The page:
International investigators looking into the shootdown of Malaysia Airlines Flight MH17 over eastern Ukraine four years ago have identified the Russian military brigade that they believe owned the missile used to bring down the Boeing 777.
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It’s the first time the Joint investigation Team, or JIT, which is made up of prosecutors from the Netherlands, Ukraine, Malaysia and Australia, has suggested Russian involvement.
Two-hundred-and-83 passengers and 15 crew members were killed when the aircraft was shot down on July 17 2014. The incident happened about three hours into the journey from Amsterdam to Kuala Lumpur.
The JIT already had released evidence suggesting the plane was hit by a Russian BUK surface-to-air missile that had crossed into eastern Ukraine from Russia. At a press conference Thursday in The Hague, chief prosecutor Fred Westerbeke said they had pinpointed the origin of the missile launcher used, saying they had evidence that would "stand in a courtroom."
“Today the JIT concluded the BUK missile launcher that was used to shoot down MH17 originated from the 53rd anti-aircraft missile brigade of the Russian armed forces,” Westerbeke told reporters.
The conclusions echo those made by the independent investigative website "Bellingcat," which is using open source evidence such as videos and photographs posted online, purportedly showing the BUK launcher after the attack, with one weapon missing.
Westerbeke said the investigation was in its last phase and repeated earlier calls for witnesses and evidence, promising anonymity to anyone who comes forward. He said they were interested in the chain of command that led to the BUK launcher firing the missile.
“We call today by the means of the media for the help of the public to answer questions about the control and use of this BUK launcher as well as about the missile that was launched,” said Westerbeke.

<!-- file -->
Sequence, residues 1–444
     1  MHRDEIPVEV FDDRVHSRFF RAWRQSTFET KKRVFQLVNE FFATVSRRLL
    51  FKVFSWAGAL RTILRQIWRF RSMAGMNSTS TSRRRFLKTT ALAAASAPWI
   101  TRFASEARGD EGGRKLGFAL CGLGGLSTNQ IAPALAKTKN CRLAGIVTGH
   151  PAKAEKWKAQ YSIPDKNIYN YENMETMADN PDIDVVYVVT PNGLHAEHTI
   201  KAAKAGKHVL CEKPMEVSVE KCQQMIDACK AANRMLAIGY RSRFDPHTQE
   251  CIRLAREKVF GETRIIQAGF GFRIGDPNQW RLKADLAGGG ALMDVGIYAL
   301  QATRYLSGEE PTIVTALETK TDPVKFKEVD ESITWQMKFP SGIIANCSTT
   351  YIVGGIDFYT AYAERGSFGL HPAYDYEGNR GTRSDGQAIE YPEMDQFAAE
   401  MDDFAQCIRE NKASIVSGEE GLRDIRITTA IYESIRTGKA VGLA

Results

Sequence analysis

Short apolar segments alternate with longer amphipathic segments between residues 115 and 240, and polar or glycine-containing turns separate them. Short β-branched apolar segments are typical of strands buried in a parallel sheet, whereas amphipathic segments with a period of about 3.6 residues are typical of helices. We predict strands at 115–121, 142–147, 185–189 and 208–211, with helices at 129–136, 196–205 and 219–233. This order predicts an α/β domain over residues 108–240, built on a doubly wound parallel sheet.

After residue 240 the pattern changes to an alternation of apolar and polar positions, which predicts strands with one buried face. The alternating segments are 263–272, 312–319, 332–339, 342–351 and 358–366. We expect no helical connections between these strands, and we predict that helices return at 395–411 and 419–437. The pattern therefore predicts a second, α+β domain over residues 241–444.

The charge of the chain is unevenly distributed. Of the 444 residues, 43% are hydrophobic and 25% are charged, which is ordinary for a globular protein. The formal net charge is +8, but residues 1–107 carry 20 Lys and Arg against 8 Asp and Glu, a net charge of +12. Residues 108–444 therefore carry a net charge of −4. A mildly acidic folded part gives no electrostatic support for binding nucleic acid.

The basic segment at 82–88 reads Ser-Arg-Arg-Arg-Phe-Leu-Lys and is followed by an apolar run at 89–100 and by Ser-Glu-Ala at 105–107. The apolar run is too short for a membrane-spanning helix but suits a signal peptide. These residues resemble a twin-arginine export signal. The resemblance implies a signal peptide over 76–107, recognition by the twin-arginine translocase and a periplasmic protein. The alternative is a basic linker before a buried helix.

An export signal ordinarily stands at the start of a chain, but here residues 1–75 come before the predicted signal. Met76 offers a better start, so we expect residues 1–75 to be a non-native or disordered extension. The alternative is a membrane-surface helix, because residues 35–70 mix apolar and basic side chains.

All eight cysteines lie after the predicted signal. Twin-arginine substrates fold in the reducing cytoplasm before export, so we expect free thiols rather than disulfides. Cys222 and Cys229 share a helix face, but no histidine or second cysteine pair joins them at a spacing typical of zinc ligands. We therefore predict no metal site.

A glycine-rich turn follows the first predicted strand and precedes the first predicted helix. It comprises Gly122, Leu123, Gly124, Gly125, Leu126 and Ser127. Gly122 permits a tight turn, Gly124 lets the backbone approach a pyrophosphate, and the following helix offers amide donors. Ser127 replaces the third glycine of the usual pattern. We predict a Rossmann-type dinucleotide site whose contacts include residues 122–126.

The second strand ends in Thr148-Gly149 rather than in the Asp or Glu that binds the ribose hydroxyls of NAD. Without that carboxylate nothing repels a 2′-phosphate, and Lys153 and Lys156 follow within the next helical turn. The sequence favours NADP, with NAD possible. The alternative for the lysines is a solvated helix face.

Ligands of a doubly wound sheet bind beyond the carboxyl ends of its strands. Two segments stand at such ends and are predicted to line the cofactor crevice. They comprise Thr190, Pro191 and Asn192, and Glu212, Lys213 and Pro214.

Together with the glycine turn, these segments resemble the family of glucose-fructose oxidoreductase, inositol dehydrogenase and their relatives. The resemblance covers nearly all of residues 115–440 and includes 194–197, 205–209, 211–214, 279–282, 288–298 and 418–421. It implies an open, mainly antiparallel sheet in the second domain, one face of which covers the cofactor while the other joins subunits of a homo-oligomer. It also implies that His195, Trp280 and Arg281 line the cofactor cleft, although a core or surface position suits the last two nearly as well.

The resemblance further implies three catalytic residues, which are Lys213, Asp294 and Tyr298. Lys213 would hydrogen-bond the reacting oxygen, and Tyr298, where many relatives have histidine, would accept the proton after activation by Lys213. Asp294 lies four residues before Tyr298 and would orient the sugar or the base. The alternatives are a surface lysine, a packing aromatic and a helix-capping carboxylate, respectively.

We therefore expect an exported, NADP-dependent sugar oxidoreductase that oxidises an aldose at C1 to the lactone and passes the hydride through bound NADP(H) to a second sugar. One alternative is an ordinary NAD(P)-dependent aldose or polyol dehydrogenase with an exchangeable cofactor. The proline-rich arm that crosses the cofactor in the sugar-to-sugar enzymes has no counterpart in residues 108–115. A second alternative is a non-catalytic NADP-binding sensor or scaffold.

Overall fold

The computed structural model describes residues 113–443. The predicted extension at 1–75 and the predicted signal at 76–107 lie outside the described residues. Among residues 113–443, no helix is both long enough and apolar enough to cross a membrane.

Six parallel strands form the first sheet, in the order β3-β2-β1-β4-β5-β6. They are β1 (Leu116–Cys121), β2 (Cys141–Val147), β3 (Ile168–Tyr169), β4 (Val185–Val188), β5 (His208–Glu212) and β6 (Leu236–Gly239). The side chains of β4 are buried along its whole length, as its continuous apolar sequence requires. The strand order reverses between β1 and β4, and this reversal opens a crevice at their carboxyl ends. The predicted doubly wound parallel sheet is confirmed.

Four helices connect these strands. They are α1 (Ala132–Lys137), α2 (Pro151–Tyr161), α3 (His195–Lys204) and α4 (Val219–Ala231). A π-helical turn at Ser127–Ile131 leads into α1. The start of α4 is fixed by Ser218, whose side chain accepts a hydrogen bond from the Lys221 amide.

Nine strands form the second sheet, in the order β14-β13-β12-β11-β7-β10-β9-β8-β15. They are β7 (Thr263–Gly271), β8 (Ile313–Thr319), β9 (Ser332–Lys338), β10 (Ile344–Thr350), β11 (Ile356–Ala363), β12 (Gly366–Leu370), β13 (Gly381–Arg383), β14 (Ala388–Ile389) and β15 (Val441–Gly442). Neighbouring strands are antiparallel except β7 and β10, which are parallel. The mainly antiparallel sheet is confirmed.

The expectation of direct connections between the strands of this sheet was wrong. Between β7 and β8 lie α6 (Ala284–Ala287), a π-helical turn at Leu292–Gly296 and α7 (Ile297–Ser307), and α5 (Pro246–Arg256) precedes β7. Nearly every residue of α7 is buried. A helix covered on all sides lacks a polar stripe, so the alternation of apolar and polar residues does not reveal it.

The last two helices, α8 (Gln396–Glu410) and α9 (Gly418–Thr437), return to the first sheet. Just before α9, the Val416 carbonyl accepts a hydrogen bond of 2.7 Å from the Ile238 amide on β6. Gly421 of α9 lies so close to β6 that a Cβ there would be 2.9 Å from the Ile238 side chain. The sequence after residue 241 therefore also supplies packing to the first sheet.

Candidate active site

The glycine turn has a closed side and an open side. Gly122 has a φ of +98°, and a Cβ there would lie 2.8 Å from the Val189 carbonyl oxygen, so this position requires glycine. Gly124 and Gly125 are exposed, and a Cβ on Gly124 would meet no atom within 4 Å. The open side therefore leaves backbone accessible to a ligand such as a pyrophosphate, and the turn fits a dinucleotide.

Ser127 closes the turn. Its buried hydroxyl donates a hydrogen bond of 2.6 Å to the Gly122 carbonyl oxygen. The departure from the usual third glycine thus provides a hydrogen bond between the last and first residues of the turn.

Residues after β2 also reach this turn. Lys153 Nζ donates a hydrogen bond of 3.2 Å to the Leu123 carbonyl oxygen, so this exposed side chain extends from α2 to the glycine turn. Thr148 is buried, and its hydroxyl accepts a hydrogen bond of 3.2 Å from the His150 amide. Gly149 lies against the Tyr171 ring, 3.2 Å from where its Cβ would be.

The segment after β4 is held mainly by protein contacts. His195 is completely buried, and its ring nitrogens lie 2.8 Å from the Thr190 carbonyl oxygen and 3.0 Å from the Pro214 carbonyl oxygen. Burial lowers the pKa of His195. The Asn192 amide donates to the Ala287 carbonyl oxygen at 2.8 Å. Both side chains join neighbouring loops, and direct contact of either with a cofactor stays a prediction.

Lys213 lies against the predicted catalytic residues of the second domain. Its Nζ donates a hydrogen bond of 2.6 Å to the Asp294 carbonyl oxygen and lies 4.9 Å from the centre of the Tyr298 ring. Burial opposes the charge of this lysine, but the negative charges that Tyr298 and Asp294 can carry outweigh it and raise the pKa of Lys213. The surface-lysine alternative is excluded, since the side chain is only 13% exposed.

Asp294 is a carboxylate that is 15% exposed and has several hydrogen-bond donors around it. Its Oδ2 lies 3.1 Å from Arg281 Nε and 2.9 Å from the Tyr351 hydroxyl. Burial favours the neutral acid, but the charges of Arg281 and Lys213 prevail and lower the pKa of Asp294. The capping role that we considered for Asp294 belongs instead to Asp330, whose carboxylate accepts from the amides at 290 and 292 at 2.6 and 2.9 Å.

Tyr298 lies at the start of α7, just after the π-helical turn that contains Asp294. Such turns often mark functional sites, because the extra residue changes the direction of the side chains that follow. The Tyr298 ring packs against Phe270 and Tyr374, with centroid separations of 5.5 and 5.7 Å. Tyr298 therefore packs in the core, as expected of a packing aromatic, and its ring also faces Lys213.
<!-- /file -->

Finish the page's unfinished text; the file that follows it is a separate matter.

With Russia using its seat on the United Nations Security Council to block an international tribunal, any future trial likely would be held in the Netherlands.
“The possibility that Russia would extradite or allow its citizens who are suspected of participating in the destruction of the plane, to participate in an international investigation seems very, very unlikely,” said Andrew Foxall, head of the Russia program at policy analyst group The Henry Jackson Society.
He adds that the MH17 investigation should prompt Western nations to maintain sanctions on Russia.
“We’re now 2018, four years on from the illegal annexation of Crimea, the destabilization of eastern Ukraine, the destruction of MH17, and there are Western countries who seemingly would like to return to business as usual with Russia. Fortunately, the Western position has held thus far, but there’s no guarantee that it will hold in the long run,” said Foxall.
Moscow has consistently denied any involvement, and suggested the Ukrainian military shot down the plane. Investigators repeatedly have dismissed any evidence presented for this claim.